What can we do to help maintain a healthy microbiome?
The gut microbiome is the totality of microorganisms, bacteria, viruses, protozoa, and fungi, and their collective genetic material present in the gastrointestinal tract.The gut microbiome is a diverse and fascinating aspect of the human body. The microorganisms that reside here can act as an interface between what you eat, how you feel and how you look. With the increase in information available to us it has become clear that health issues can arise linked to damage to this microbiome. Here are some ways in which you can promote balance between protective and harmful bacterial communities and support your microbiome.
1. Increase dietary fibre
What you eat and your gut health are very closely linked, with foods high in refined sugars and saturated fats promoting the growth of harmful bacteria(1). On the other hand, foods high in fibre (non-digestible carbohydrate) encourage the growth of protective bacteria in the gut(2).
Fibre rich foods include:
- Wholegrain bread, oats, barley and rye
- Fruit such as berries, pears, melon and oranges
- Vegetables such as broccoli, carrots and artichoke
- Peas, beans and pulses
- Nuts and seeds
2. Reducing stress
Numerous studies have been done on the relationship between the gut and the brain or the ‘gut brain axis’. The gut microbiota is known to be capable of producing neurotransmitters which influence how we think and feel. As a result, poor gut health can make us feel stressed(3). Furthermore, the reverse is also thought to be true in that chronic stress prevents your body from properly digesting food. Consequently, gut health is poor(4).
3. Take live cultures
These improve the levels of beneficial bacteria in the gut, helping to rebalance and harmonise the microbiome.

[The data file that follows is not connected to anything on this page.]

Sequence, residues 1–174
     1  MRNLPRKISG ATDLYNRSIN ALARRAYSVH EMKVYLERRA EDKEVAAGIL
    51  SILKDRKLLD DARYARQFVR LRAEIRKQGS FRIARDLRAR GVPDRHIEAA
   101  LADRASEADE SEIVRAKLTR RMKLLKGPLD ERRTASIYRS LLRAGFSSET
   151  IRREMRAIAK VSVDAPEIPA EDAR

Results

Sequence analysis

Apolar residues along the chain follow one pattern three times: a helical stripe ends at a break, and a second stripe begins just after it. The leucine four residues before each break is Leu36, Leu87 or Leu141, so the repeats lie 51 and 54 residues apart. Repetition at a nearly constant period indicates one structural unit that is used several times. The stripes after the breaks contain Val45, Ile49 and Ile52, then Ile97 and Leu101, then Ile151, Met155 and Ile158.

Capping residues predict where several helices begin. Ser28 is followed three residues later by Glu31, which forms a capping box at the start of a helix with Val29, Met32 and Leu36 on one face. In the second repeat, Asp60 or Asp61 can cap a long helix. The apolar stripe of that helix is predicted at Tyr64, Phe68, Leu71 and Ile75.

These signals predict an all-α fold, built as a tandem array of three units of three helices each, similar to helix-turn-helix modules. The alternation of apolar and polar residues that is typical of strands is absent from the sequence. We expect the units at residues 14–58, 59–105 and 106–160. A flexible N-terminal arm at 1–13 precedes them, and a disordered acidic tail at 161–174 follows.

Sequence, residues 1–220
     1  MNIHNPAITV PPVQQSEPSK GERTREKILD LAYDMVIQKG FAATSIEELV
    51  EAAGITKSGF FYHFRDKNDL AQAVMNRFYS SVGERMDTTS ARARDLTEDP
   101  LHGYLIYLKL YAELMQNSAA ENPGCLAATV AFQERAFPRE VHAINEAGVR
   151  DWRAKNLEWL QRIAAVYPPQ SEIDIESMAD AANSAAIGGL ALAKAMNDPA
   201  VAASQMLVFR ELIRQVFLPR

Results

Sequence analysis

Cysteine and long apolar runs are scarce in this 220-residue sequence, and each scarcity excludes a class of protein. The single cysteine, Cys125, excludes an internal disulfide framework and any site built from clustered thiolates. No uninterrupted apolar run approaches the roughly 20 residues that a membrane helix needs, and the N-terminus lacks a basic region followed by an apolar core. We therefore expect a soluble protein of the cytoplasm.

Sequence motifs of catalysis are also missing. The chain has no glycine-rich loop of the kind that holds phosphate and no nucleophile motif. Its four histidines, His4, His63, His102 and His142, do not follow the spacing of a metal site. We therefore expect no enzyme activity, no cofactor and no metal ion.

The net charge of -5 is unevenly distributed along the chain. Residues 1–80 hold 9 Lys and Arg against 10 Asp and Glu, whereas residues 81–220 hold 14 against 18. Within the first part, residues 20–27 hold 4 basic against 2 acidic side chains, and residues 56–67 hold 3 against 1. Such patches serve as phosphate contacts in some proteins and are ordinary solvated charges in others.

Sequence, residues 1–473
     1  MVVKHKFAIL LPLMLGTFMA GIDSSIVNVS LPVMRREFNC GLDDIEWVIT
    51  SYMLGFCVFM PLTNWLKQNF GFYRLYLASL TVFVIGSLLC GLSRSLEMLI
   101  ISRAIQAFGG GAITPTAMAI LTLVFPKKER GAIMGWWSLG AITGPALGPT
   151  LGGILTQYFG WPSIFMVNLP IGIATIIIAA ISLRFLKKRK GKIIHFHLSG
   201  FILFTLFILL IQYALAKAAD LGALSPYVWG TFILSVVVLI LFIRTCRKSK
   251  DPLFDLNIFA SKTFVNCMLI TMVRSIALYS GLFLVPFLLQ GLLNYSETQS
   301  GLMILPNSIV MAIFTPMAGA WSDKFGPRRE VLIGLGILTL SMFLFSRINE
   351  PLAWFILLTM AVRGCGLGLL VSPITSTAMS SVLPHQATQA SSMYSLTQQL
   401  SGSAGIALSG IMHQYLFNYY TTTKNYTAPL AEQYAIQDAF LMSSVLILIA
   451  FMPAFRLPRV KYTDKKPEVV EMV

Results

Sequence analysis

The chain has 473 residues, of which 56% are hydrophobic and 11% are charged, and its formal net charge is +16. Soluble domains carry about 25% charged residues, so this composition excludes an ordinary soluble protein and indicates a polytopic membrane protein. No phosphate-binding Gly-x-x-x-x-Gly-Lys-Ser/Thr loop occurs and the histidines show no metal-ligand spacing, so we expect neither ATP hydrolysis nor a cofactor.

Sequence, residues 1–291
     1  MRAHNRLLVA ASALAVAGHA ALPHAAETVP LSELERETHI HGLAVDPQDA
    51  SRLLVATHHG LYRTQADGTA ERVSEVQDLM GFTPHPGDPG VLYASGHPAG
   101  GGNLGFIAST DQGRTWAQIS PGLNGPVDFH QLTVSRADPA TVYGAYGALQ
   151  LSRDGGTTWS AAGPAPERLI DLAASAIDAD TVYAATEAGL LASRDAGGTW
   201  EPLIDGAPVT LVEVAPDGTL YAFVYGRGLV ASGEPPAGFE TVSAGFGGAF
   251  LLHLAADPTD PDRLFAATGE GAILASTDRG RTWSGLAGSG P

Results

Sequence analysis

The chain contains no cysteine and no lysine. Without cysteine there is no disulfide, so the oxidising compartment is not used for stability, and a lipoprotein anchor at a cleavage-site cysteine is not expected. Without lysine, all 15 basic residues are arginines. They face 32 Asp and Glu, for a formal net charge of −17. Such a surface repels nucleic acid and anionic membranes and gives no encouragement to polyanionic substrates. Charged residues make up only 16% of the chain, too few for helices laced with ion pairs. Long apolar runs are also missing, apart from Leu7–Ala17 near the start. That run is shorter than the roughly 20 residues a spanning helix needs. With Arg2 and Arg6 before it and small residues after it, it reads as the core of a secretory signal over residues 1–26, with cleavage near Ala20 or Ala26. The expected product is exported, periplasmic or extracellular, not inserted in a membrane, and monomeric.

4. Only taking antibiotics when prescribed
Antibiotics have been shown to disrupt the balance of bacteria in the gut(5). Therefore, it is important to only take these medications when prescribed by a health professional. Furthermore, taking live bacteria alongside antibiotics may help reduce antibiotics side effect and prevent the disruption of your microbiome.
5. Drink alcohol and caffeine in moderation
Alcohol irritates the digestive tract and can alter bacterial balance(6). Caffeine increases stress hormone production and can cause gut symptoms in some people(7). Therefore, reducing your intake of these can help promote a happy gut.
- T. Sen. Diet-driven microbiota dysbiosis is associated with vagal remodelling and obesity. Physiol Behav. 2017 May 1; 173: 305–317.
- Jill A. Parnell Prebiotic fibre modulation of the gut microbiota improves risk factors for obesity and the metabolic syndrome.
- Dinan TG, Cryan JF. The Microbiome-Gut-Brain Axis in Health and Disease. Gastroenterol Clin North Am. 2017 Mar;46(1):77-89.
- Oxford Journal, 2000, 'The stress response and the hypothalamical adrenal axis: from molecule to melancholia' QJM: An International Journal of Medicine, 93(6):323-333
- Ianiro.G, Antibiotics as deep modulators of gut microbiota: between good and evil. Gut. 2016 Nov;65(11):1906-1915
- Helander, H. F, Fandriks, L. (2014) Surface area of the digestive tract - revisited. Scandinavian Journal of Gastroenterology. Vol 49: 6
- Nishitsuii K. Effect of coffee or coffee components on gut microbiome and short-chain fatty acids in a mouse model of metabolic syndrome. Sci Rep. 2018 Nov 1;8(1):16173